Secret Iraq War Logs reveal Civilian Casualties, Ignored Abuse
A 2007 photograph shows a North Carolina memorial for U.S. casualties in the Iraq War. Since then, the American death toll has risen from 3883 to 4426, and classified death counts revealed by WikiLeaks put the total documented deaths from 2004 to 2009, including civilians, at 109,032.
Photo © Nils Fretwurst. Obtained under the Creative Commons Attribution-ShareAlike 3.0 License via Wikipedia.
Nearly 400,000 classified U.S. military documents made public today by WikiLeaks show that the United States lied about civilian death counts and made a policy of not investigating torture allegations during the Iraq War.
Major global newspapers including the New York Times, The Guardian, and Le Monde had early access to the classified material. The British Bureau for Investigative Journalism has also created a detailed website about the Iraq War Logs.
Although the Pentagon previously denied that it kept records of civilian deaths, the classified war logs document the deaths of 66,081 Iraqi civilians from 2004 to 2009, out of a total 109,032. These numbers fit estimates by the Iraq Body Count project, which the New York Times reminds us is an organization that the “Bush administration repeatedly derided as unreliable and producing inflated numbers.” The Times also notes that as late as this summer, the Pentagon reported an official death count far lower than the numbers now revealed in the classified war logs.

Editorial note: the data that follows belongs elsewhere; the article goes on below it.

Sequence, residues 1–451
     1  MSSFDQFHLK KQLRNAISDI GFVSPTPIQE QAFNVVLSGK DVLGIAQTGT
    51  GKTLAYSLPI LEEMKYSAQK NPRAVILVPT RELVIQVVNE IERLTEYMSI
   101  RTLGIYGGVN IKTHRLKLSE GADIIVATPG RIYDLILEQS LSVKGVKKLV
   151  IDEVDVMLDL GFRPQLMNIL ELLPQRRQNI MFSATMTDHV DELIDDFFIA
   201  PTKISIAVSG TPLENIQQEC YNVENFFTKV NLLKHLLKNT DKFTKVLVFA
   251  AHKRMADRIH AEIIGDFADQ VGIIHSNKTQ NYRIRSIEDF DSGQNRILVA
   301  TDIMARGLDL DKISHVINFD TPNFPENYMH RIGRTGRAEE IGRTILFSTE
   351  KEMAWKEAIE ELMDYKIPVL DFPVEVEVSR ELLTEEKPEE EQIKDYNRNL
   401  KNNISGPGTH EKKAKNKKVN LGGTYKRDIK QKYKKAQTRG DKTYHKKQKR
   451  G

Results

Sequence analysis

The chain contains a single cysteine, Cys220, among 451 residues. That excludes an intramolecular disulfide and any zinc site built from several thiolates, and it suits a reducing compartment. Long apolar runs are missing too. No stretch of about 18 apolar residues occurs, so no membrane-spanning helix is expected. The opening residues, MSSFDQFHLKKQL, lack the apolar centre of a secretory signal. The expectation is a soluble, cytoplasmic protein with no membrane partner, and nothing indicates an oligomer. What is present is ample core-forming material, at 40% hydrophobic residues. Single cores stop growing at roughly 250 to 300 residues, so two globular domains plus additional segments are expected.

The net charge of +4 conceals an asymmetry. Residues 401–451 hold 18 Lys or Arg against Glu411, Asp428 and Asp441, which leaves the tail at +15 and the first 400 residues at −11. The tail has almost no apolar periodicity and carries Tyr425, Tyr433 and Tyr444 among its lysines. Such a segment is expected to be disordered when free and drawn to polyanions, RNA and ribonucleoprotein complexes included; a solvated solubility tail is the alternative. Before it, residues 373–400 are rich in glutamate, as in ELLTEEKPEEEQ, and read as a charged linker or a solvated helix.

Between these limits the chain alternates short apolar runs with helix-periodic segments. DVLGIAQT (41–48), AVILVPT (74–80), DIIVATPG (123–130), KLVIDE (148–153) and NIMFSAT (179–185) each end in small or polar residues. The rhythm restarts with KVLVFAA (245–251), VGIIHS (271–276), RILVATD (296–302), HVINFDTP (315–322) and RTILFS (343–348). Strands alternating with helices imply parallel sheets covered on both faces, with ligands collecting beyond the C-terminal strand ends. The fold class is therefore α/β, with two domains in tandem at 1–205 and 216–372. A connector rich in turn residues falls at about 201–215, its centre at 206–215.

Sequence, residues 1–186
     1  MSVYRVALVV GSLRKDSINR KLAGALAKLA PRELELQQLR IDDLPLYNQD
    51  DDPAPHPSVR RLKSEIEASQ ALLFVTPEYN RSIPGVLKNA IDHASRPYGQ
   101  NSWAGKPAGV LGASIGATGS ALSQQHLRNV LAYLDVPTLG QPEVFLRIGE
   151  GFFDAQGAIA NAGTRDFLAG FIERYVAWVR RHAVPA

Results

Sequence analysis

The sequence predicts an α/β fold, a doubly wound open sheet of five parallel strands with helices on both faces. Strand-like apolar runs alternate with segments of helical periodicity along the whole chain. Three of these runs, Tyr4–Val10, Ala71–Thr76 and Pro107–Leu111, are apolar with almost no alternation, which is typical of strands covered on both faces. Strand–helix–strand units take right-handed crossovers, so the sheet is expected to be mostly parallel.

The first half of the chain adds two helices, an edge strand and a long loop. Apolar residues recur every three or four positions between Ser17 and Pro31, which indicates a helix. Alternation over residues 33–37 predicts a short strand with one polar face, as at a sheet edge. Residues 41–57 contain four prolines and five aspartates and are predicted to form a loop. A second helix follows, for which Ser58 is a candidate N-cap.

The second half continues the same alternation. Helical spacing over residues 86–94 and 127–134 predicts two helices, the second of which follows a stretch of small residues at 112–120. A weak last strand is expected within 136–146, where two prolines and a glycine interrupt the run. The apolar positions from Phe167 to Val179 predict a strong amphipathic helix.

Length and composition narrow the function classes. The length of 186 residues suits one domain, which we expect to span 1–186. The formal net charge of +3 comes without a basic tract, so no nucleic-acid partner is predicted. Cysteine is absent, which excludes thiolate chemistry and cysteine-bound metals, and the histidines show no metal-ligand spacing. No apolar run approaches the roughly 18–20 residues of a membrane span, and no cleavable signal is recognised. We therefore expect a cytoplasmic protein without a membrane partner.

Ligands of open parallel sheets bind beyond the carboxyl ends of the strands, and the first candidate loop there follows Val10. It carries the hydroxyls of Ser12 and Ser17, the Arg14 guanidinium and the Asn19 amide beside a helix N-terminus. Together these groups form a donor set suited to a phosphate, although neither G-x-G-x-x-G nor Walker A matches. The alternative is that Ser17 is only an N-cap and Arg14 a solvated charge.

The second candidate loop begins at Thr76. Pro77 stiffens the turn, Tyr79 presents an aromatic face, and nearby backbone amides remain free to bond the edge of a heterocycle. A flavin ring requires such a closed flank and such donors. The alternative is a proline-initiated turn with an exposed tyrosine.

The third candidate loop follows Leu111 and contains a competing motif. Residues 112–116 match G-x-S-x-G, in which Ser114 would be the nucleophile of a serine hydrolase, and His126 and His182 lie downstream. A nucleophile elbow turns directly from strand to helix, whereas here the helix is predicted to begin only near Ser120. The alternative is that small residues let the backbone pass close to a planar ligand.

The leaked documents also reveal that the U.S. made a policy of ignoring incidents of prisoner abuse and torture committed by Iraqi security forces. American Troops were required to report such abuse to their superiors, but military officials were not required to investigate reports of torture unless Americans had actually taken part. This led the U.S. to cover its eyes to over 1000 reports of abuse by the very Iraqi security forces that the U.S. has been backing up and training to take control of the country.
Incidents that the United States ignored included reports of “men and women blindfolded, beaten with cables, their genitals electrocuted, fingernails ripped out, sodomised with bottles and hoses” (IraqWarLogs.com) and “prisoners shackled, blindfolded and hung by wrists or ankles, and subjected to whipping, punching, kicking or electric shocks” as well as “rape and even murder” (The Guardian). Despite knowledge of this widespread torture, the United States transfered at least 9,250 detainees to Iraqi supervision as late as 2010, despite a written 2008 campaign pledge that “Barack Obama will end the use torture without exception” (PolitiFact.com). The lack of real change from the Obama Administration is not surprising given Obama’s choice to maintain Bush appointee Robert Gates as Secretary of Defense.
When Britain’s Bureau for Investigative Journalism sent a letter to the Pentagon asking for comment on the allegation that “the US Government handed over detainees to Iraqi authorities, knowing of concerns that torture was rife in Iraqi detention facilities,” the Pentagon replied only to say:
“We strongly condemn the unauthorised disclosure of classified information and will not comment on these leaked documents other than to note that ‘significant activities’ reports are initial, raw observations by tactical units. They are essentially snapshots of events, both tragic and mundane, and do not tell the whole story. That said, the period covered by these reports has been well-chronicled in news stories, books and films and the release of these field reports does not bring new understanding to Iraq’s past.” (IraqWarLogs.com)
As an American citizen, I abhor that my country has tacitly allowed these sickening human rights violations to take place by under-reporting casualties and failing to investigate clear reports of torture and abuse. I cannot and will not give my support to any politician or official who enables this disgusting degradation of human life to continue.